Senate leaders outlined a new jobs plan Wednesday that would rebalance how the state spends millions in incentives money while dropping the overall tax rate paid by corporations.
The plan, backed by Senate leader Phil Berger, would especially limit how much incentives money could go to Mecklenburg, Wake and Durham counties. And in reducing the state’s corporate tax rate to 3 percent, it would mean about $500 million less in revenue to the state.
The proposal is in contrast to a jobs creation effort that has already cleared the state House and is backed by McCrory.
McCrory offered immediate criticism, saying the Senate proposal was “in strong disagreement” with his administration’s ideas and “frankly disappoints me.”
Digital Access for only $0.99
For the most comprehensive local coverage, subscribe today.
“It breaks the bank,” he said, and “divides” North Carolina.
The differences set up a coming debate about the most effective way to grow jobs – all while McCrory’s administration argues that companies will look elsewhere if the state’s main incentives fund isn’t replenished soon.
The Senate’s plan would:
▪ Limit Mecklenburg, Wake and Durham counties to a formula tied to their percentage of the population. In effect, it would limit those counties to no more than about half of the state’s incentives money under today’s population figures.
Berger said 86 percent of the state’s main job creation incentives went to those three counties in 2013-2014. The Senate plan would provide more generous benefits in poorer counties, with reduced payouts to urban counties.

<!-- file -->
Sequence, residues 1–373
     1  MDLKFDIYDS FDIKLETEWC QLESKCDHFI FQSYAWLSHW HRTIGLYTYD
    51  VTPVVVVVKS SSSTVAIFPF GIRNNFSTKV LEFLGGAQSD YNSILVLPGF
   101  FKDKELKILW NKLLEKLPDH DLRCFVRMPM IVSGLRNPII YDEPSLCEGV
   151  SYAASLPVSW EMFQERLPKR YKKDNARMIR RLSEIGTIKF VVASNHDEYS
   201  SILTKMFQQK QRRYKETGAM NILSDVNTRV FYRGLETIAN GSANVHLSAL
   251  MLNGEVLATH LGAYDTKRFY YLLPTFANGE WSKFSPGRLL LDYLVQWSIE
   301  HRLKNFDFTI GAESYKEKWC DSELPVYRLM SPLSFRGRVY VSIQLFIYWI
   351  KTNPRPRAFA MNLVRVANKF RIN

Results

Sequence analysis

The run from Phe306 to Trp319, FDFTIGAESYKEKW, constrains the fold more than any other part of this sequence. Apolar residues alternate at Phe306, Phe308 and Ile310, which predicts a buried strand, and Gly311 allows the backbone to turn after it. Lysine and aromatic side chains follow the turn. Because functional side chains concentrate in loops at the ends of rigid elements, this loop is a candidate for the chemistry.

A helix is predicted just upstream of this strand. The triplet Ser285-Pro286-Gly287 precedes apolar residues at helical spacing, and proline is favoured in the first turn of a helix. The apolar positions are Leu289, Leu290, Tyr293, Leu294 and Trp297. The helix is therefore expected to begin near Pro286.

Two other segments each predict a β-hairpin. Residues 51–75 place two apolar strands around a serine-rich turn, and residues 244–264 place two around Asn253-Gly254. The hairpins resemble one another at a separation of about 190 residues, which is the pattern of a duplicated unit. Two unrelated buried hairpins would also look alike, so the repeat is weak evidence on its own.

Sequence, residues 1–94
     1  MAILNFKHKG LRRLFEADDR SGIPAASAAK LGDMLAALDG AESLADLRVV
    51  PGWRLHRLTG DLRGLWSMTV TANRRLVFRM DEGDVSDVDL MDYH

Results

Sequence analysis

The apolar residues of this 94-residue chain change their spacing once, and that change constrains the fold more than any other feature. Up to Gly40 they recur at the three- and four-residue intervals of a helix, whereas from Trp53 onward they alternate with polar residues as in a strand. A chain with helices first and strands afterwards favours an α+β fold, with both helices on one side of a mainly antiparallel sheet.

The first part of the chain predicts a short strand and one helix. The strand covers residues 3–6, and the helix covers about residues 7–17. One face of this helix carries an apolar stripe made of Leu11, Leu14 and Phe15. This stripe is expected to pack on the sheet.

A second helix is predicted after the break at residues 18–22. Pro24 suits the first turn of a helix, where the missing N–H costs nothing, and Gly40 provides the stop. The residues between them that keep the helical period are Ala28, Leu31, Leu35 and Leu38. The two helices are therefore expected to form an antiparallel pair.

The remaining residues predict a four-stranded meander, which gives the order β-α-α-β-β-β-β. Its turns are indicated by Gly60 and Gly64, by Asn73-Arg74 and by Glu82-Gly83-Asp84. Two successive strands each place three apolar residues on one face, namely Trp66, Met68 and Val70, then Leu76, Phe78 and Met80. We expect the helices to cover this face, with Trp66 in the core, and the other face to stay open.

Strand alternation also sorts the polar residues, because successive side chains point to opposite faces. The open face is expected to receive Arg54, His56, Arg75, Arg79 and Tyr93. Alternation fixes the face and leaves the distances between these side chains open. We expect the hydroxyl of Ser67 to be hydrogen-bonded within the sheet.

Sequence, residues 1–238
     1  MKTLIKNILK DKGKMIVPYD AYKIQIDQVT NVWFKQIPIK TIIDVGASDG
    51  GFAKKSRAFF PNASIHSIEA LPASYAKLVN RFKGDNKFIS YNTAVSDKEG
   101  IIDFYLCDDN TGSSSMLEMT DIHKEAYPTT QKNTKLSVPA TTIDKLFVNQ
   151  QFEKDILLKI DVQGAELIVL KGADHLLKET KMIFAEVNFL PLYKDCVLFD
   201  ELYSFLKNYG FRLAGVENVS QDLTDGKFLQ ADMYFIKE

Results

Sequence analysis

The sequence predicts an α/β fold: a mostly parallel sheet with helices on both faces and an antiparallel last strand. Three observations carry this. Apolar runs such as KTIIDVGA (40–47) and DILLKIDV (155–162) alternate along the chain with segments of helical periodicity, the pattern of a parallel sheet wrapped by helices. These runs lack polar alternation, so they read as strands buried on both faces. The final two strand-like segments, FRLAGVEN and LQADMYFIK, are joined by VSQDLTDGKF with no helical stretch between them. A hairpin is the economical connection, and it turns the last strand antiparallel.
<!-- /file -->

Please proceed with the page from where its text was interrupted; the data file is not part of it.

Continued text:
▪ Carve out exceptions that allow for larger incentives packages for a “high-yield” project that creates at least 2,500 jobs. The state is actively courting auto manufacturing projects.
▪ Lower the state’s corporate income tax to 4 percent in 2016 and 3 percent in 2017 – eliminating an existing requirement that revenue targets must be reached before further cuts kick in. The state’s current rate is 5 percent.
▪ Shift to a corporate income taxing method known as single sales factor apportionment. It would calculate companies’ tax liability based entirely on sales – instead of also factoring in their payroll and property value. It’s effectively an additional corporate tax cut that favors companies with extensive property and payroll taxes in the state. Berger’s office said it would save companies $75 million.
▪ Use a separate bill to immediately shore up a depleted jobs creation incentives fund just as the McCrory administration says corporate decisions are being made about the location of several major manufacturing projects.
The House version
The House already has approved a bill that would increase funding for the state’s main jobs creation incentives fund, called the Job Development Investment Grant, by $22.5 million. The House would only apply the single sales factor to companies investing more than $1 billion, likely an auto manufacturer.
Berger says all businesses should get the benefit.
“Single sales factor is something that is already available to businesses in South Carolina, Virginia and other states around the nation,” Berger said. “Single sales factor will help us become more competitive.”
McCrory’s administration has voiced support for the single sales factor but says the state would see a revenue drop by more than the Senate estimate. McCrory’s administration says the cost would be about $180 million initially.
Coupled with the corporate rate cut, McCrory says the Senate plan would leave a budget hole. “It breaks a promise of last year on tax reform,” he said, referring to a pledge that cuts would be revenue neutral.